Google's Android has flatlined in the U.S. as Apple's iPhone steals all growthSmartphone sales at AT&T and Verizon Wireless over the past two years show that Android isn't growing in the U.S. and that all new growth is coming from Apple's iPhone.
A report by Benedict Evans highlights the clearly evident trends among American iPhone carriers (above).
Android is a commodity sale
Evans also drew attention to the cyclical nature of iPhone sales, which peaked at both AT&T and Verizon after the launch of the iPhone 4S in 2011 and the iPhone 5 last fall. Android phones aren't doing that, however.
Instead, as Evans noted, "there's near-zero seasonality in Android phone sales. People decide they want a phone and go out and buy whatever's in the shop at the time that looks good. Launches of 'hero' Android phones appear to have no impact at all - they may take share from other Androids, but not from iPhone and they don't increase overall sales."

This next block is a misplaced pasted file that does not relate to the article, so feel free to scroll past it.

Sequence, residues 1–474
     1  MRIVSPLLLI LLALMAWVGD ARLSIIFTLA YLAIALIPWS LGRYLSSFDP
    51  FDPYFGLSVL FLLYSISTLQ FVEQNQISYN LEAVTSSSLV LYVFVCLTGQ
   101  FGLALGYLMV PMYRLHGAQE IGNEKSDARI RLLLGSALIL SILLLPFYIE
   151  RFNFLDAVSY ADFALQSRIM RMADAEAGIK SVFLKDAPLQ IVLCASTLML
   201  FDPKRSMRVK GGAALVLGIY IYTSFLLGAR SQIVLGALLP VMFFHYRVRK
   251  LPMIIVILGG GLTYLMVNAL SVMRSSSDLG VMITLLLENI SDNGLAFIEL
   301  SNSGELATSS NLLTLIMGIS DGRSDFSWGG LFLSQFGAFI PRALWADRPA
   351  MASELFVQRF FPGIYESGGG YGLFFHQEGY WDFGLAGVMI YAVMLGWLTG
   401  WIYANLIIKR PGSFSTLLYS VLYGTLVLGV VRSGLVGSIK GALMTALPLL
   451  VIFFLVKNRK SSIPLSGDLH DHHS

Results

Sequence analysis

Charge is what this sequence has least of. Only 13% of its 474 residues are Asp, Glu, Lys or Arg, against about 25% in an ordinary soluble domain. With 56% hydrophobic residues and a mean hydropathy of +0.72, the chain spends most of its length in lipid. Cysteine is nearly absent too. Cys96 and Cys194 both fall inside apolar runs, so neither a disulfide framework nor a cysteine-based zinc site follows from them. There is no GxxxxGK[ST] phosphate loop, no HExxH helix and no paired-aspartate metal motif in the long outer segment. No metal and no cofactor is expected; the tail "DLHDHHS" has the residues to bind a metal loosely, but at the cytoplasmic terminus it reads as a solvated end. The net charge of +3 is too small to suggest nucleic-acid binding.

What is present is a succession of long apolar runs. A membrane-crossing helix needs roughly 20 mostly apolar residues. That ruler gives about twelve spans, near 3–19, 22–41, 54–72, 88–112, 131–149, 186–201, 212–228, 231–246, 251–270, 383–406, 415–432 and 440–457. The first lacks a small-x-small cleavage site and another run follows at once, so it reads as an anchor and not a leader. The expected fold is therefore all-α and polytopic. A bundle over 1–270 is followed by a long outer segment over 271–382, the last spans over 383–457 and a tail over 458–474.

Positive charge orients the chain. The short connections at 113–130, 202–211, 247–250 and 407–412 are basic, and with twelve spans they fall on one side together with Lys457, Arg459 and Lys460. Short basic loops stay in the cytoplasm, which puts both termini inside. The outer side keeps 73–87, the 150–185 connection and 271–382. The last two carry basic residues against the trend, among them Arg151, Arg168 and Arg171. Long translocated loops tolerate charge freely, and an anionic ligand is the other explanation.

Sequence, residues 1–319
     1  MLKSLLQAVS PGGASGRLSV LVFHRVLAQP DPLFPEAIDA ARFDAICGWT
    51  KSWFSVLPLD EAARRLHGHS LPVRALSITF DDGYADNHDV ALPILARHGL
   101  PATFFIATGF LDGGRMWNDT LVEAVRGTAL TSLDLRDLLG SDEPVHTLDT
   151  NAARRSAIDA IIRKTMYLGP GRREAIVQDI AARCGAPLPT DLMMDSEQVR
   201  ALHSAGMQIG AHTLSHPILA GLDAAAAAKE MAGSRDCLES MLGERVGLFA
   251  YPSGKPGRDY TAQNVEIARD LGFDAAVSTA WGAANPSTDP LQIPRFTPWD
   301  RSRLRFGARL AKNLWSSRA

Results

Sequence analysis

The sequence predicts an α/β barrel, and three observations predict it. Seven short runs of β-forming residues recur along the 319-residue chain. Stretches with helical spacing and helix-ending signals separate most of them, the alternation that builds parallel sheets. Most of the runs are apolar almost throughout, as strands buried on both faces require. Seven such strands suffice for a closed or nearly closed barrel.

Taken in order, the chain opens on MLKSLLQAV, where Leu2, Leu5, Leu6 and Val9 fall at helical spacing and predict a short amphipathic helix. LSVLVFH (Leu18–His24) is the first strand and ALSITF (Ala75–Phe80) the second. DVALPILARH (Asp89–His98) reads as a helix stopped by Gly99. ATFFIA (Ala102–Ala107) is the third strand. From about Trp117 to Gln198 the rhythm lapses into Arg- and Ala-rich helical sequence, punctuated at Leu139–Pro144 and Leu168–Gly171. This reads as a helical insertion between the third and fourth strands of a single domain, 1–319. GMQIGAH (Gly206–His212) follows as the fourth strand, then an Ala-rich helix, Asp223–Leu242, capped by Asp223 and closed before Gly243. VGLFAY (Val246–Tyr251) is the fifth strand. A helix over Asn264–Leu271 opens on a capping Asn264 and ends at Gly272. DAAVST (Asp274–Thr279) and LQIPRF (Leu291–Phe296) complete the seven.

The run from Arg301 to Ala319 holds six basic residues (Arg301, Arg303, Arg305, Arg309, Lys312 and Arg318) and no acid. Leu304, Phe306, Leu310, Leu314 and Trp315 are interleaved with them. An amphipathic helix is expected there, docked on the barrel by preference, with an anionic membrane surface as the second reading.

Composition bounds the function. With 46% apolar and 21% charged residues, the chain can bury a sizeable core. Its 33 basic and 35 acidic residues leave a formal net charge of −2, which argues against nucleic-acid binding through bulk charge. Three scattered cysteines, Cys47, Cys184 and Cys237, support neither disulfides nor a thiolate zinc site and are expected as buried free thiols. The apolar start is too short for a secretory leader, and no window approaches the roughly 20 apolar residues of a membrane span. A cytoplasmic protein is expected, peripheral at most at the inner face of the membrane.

There's not even an apparent correlation between iPhone peaks and Android sales; "It looks like a new iPhone launch doesn't tempt in Android buyers at all," Evans stated.
Android buyers are upgrading to iPhones
At the same time, Evans notes that there is real churn among Android buyers, many of whom are upgrading from basic feature phones. There's also no shortage of buyer intention surveys that indicate that first time Android users plan to upgrade to iPhones in the future, indicating that Google's platform is functioning like training wheels for the iPhone.
In an earlier post, Evans calculated that "a little over 90% of the current Android base got its first Android in the last 2 years, and 68% of the iPhone base its first iPhone."
He added, "It'll be interesting to see what their second purchase is."
That's why Verizon upgraded to iPhone in 2010
Google's platform was met with unbridled enthusiasm, particularly once Verizon Wireless abandoned BlackBerry and threw its support behind Android at the end of 2009 with its Droid ad campaign.
Verizon shifted its marketing efforts from BlackBerry to focus on Android because RIM was unable to deliver a phone that could compete against the iPhone. The 2008 holiday season's BlackBerry Storm had been a particularly bad launch for the carrier.
Before 2010 was out, it was clear that Android was not doing for Verizon what the iPhone had done for AT&T. Verizon subsequently agreed to begin selling a new CDMA iPhone 4 in early 2011, and since then, its smartphone growth has, like AT&T, come from strong iPhone sales.